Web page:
Vincentian Kenville Horne received his award from Queen Elizabeth in June.

Vincentians 18 to 29 years old who are using their skills to assist their communities are being encouraged to apply for the prestigious Commonwealth Queen’s Young Leaders Award.

Vincentian Kenville Horne, a 2015 Queen’s Young Leader awardee, said he would love to see another of his compatriots among the awardees next year.

Horne was this year selected among 60 young persons from within the Commonwealth to win the award in its first year.

He was the only person from St. Vincent and the Grenadines and one of eight youths from the Caribbean to do so.

The Queen’s Young Leaders Award recognises and celebrates exceptional people aged 18-29 from across the Commonwealth, who are taking the lead in their communities and using their skills to transform lives.

Winners of the award receive a unique package of training, mentoring and networking, including a one-week residential programme in the United Kingdom, during which they will collect their Award from The Queen.

With this support, award winners will be expected to continue and develop the work they are already doing in their communities.

As well as awarding inspirational young people, Queen’s Young Leaders Grants will be made to organisations in selected Commonwealth countries that can show they are improving the lives of young people.

The vision is to provide opportunities for young people to learn new skills, enter employment, and give them a voice in their communities.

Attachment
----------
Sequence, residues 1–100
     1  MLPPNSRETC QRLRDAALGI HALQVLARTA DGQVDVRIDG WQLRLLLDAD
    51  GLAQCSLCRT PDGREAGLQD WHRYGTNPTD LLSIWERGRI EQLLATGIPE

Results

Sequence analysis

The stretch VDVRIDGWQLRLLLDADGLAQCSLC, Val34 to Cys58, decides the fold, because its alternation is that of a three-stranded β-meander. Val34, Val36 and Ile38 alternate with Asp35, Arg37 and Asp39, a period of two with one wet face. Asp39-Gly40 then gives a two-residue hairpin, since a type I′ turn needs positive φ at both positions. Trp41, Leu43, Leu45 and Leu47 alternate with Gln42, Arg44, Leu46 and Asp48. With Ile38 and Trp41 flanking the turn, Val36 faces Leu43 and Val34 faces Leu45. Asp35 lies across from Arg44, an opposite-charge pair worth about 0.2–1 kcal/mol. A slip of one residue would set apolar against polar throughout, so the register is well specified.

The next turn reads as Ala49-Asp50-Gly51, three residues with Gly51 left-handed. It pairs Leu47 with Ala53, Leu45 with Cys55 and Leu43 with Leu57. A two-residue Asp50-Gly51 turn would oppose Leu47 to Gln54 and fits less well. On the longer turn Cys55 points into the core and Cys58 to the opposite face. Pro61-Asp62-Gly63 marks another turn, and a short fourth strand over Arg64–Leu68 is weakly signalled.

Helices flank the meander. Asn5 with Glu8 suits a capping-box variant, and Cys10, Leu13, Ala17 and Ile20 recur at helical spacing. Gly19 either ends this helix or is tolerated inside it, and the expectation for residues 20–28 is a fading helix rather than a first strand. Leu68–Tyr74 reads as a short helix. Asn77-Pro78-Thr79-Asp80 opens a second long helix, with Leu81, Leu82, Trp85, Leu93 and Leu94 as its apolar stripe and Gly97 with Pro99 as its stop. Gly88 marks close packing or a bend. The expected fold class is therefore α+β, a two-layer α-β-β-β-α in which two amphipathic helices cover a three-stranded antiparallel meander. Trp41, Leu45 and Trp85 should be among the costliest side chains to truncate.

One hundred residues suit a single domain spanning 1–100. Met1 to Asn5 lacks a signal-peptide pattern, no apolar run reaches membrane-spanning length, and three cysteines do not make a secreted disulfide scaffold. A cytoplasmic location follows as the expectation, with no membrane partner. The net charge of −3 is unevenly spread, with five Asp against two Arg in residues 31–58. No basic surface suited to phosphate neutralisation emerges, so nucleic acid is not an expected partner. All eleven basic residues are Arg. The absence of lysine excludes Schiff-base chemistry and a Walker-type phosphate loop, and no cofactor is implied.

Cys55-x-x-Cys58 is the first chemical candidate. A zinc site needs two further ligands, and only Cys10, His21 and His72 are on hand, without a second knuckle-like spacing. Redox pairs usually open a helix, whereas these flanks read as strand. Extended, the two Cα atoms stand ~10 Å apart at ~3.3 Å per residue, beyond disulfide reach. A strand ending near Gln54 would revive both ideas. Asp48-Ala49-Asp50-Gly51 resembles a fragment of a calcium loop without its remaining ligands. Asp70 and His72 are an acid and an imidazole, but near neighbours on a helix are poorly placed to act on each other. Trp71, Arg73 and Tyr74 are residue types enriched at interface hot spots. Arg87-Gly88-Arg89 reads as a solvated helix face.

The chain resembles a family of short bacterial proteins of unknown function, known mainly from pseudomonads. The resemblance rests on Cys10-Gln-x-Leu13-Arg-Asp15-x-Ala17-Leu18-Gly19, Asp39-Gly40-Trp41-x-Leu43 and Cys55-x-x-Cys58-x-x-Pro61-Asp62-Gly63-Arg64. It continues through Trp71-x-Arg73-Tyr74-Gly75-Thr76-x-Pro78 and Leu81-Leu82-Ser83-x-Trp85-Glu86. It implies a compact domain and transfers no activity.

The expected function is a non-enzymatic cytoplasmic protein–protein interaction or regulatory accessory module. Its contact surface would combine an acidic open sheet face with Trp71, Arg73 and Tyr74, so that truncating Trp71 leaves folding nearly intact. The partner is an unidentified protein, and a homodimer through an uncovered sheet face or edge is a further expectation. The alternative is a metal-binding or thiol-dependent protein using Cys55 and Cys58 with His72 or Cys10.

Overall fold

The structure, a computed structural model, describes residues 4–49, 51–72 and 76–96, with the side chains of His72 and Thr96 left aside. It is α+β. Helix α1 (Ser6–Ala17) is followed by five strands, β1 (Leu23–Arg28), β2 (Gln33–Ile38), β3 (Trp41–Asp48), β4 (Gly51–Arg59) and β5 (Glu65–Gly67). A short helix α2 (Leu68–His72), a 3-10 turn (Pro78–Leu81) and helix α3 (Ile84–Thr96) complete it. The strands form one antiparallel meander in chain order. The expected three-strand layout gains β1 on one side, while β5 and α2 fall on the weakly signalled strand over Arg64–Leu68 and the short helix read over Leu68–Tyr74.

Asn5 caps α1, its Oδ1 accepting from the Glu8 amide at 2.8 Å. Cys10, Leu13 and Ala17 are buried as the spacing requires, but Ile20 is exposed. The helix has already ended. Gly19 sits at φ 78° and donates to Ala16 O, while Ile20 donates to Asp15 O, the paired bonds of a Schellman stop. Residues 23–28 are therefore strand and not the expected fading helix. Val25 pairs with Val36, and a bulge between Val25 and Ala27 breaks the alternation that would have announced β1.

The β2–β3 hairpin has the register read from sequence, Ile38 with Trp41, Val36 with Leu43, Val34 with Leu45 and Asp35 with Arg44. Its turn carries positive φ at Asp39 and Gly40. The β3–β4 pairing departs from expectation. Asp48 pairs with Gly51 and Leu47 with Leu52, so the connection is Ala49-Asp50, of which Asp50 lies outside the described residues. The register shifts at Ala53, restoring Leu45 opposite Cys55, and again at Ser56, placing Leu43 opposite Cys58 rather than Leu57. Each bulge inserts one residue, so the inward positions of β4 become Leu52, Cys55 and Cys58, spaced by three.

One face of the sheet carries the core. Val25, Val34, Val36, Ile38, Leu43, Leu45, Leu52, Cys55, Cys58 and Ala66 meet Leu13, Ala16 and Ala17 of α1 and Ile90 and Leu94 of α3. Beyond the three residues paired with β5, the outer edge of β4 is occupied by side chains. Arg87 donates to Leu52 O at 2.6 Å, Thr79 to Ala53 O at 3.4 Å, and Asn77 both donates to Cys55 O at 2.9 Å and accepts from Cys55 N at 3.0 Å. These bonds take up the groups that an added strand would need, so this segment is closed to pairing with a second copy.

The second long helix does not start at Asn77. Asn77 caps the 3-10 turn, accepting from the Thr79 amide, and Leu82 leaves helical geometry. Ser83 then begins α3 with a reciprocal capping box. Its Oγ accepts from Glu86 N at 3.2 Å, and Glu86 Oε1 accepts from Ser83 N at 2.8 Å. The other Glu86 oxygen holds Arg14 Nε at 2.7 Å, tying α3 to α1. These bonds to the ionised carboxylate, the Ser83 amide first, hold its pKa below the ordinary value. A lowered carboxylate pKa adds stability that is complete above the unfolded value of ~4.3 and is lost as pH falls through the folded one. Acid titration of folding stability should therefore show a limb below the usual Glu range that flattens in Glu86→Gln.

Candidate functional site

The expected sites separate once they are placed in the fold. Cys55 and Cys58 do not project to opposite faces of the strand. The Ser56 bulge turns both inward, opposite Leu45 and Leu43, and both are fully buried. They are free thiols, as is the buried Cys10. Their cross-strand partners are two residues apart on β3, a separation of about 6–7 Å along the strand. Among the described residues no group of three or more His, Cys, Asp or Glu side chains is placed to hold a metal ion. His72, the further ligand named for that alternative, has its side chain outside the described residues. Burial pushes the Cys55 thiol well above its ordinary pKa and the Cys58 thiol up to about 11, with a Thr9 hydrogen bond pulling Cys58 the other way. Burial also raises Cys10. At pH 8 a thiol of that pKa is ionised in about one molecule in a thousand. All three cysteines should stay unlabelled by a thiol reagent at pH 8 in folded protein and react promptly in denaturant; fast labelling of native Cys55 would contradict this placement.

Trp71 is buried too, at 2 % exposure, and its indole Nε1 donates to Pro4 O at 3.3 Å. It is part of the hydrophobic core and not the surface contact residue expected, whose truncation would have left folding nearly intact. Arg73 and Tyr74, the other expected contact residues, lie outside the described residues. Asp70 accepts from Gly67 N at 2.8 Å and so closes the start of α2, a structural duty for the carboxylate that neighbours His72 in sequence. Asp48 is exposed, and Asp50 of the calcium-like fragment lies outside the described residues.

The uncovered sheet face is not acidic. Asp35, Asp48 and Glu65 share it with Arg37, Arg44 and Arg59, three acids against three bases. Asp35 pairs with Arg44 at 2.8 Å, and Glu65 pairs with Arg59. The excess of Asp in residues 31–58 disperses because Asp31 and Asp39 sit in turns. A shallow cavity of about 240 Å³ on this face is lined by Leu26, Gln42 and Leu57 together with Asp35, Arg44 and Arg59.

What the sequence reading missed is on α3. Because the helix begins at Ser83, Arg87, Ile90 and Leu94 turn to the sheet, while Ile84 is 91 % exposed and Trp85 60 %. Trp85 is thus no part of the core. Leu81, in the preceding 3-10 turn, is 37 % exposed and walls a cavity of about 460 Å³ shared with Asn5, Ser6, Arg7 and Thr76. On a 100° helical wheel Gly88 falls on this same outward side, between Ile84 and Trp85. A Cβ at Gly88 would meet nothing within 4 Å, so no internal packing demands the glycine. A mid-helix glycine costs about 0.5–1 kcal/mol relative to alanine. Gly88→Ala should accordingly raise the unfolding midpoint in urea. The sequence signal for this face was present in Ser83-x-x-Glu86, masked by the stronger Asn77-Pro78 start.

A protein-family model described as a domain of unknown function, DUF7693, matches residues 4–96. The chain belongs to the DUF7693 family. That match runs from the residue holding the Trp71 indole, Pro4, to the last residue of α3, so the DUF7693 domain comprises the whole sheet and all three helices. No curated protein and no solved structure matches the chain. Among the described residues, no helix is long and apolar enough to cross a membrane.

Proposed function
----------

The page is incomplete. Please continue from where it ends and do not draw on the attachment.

Horne, a reporter at The Vincentian newspaper, won the award for starting a sport-based programme, the Kenville Horne Sports Academy, for at-risk and disadvantaged youths in Rose Hall.

Horne says he endured a terrible past but was able to overcome his challenges before going back to his community to assist the youth.

He lives in Lowmans Hill but makes the 80-minute journey each week to help shape the lives of the youth of Rose Hall.

The main objective of the programme is to help the youths avoid idleness and develop into productive adults, Horne said.

“It is very sad when you see our future going down the wrong path. Sometimes I hear people say that we have to shape a good world for the youths, but I believe that we need to shape good youths for the world,” Horne said.

Horne is undergoing a one-year online scholarship from the university of Cambridge in England.

In June, he travelled to the UK for a one-week residential programme, where he and the other Young Leaders visited Prime Minister David Cameron at 10 Downing Street, the Twitter UK headquarters and the BBC World Service.

Additional he visited Buckingham Palace, where he collected his award from Queen Elizabeth II.

Horne said the award has offered him an insight into youth development and leadership that he could have never imagine.

He said he has been working on building his network, based on the important contacts he has made while in England and the generous businesses that have been showing interest in helping with the develop of the youths.

He said he would like to see his programme grow to include more youths.

“It is imperative that young people become involved in community development, because the community is where we need to start if we are to create meaningful change among our youths,” Horne said.

For more information on the Queen’s Young Leaders Award, visit www.queensyoungleaders.com or #thesearchison.